What toll has working from home had on our mental health and sense of belonging within our working teams?

Psychological safety has been decreasing during lock-down. 

Psychological safety is when an employee feels able to show and employ oneself without fear of negative consequences of self-image, status or career. In safe teams the team members feel safe, accepted and respected – and they dare to be honest. Psychological safety is pre-requisite for problem solving and development.

Here are some tips to increase psychological safety after lock-down:

  • Get to know each other in the team  
  • Spend time together
  • Dare to show vulnerability and compliment vulnerability and honesty
  • Show empathy, respect, and prioritize inclusion for example by recognizing different perspectives at meetings
  • Discuss on an ongoing basis in the team what works well and whether there’s anything you need to pay extra attention to in order to strengthen the work community

Why is face-to-face interaction important and how do we protect mental health in light of this?

Face-to-face interactions are really important because they ensure that everyone taps into (and co-create) a great social vibrance and enjoy the real-life company of their colleagues. They also can help foster unplanned encounters with known and new colleagues, which can be a strong driver of innovation, collaboration and problem solving.

We know that mental well-being at work depends on a number of psychosocial job-factors such as influence or control, social support, recognition and meaning.

It is also evident that these factors are affected by new ways of working. When not being physically at the office every day social support is obviously challenged, which can cause:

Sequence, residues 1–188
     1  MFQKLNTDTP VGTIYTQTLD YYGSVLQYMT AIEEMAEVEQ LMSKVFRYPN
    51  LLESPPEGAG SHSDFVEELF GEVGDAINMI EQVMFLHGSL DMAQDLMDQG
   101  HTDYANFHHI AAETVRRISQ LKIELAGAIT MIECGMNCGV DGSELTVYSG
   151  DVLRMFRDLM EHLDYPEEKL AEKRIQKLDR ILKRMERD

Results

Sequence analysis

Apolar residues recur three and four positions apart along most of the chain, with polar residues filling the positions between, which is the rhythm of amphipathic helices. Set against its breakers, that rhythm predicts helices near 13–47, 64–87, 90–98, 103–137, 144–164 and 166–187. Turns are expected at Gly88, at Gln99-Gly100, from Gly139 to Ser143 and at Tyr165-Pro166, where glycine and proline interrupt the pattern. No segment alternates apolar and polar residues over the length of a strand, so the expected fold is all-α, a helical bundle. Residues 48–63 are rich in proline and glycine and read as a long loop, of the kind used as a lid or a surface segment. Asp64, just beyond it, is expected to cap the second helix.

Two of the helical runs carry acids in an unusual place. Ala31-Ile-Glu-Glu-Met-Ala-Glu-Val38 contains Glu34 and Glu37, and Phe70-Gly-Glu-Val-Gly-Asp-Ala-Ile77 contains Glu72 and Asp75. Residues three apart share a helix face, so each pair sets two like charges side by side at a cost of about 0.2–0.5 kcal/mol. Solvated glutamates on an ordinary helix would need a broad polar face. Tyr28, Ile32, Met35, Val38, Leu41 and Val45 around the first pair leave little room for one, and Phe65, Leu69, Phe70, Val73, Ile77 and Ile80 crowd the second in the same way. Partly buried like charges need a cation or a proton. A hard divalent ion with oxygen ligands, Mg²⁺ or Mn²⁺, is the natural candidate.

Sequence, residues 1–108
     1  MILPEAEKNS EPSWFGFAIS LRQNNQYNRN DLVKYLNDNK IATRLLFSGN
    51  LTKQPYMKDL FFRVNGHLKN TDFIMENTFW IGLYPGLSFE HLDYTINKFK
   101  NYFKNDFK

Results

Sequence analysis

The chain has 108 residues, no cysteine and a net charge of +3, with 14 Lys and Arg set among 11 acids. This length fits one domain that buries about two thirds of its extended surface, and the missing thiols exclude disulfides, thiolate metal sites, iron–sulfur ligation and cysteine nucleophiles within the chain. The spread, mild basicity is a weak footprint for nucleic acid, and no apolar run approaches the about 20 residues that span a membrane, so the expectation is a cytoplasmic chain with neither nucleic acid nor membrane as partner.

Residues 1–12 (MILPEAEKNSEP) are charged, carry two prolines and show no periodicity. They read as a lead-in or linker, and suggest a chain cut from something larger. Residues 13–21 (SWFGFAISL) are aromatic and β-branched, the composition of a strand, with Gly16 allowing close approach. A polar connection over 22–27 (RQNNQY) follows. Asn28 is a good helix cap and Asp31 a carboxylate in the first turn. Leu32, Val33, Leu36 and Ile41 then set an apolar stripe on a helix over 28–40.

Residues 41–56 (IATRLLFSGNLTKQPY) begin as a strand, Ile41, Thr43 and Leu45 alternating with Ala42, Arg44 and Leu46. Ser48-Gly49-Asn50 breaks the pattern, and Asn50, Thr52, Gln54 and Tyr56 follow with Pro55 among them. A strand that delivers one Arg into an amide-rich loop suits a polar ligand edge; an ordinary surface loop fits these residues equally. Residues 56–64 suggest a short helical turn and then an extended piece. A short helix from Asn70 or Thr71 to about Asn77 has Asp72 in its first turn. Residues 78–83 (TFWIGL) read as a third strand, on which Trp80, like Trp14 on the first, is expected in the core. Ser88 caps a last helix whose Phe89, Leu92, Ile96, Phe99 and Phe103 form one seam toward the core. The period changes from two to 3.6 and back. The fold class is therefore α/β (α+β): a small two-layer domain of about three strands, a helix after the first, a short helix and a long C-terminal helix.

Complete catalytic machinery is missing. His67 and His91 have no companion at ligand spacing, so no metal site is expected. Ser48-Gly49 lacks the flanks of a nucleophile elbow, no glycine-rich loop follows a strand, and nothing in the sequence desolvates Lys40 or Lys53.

• Low team-spirit/sense of belonging.
  • Risk of in-group/out group
  • Lack of continuous feedback.
  • Lack of help and assistance when needed

Furthermore, we may feel less recognised or acknowledged when we are not around each other. It can be difficult for managers to naturally “witness” their employee’s performance and progress and therefore the timely feedback and recognition may lack.

Finally, there is also the risk that employees working from home have long working hours because they lack the natural boundary markers that the commute to and from the workplace offers. We see that many and have extremely “packed calendars” because coordination and alignment with co-workers need to take place at planned meetings. An emerging risk is therefor also virtual fatigue.

Working in a hybrid model leaves employees with a heightened responsibility to look more out for themselves and communicate transparently about how they cope and where they need support. The individual employee needs to take on a larger responsibility for own mental health when not being around manager and team members on a daily basis.

 As more and more people return to the office post COVID-19, what should you be aware of?

Working from home, either for a couple of days a week or on a fulltime basis, has become a popular alternative to going to the office. The periods where people were forced to work from home due to the pandemic has proven that many tasks can be dealt with quite effectively outside the offices. Many employers are the therefore offering more flexible working arrangements to accommodate peoples wishes for flexibility. In that light the return process becomes a bit of a logistical puzzle for managers. Managers need to balance individual employees’ needs and wishes for working from home with the organisational need for a certain volume of on-site presence in order to strengthen relations, culture, team coherence and sense of belonging. Compromises will be necessary, and we all need to experiment and learn along the way how to operate in a hybrid working model.

Do you have any tips for making the transition to the “new normal” smoother?

Covid-19 has taught us that some job tasks can be solved efficiently from home while others are more suitable for face-to-face interactions. The distribution between on-site presence and working from elsewhere should be based on which tasks the individual and the team are working with.

Shaping the “new normal” must take place by experimenting with the hybrid working model and continuously evaluating what works well and what needs to change. Therefore, dialogue between manager and employees and between employees and their co-workers is key. What works for one team may not necessarily work for another team, so it’s not one size fits all. Experiment and see what works for you and the rest of the team.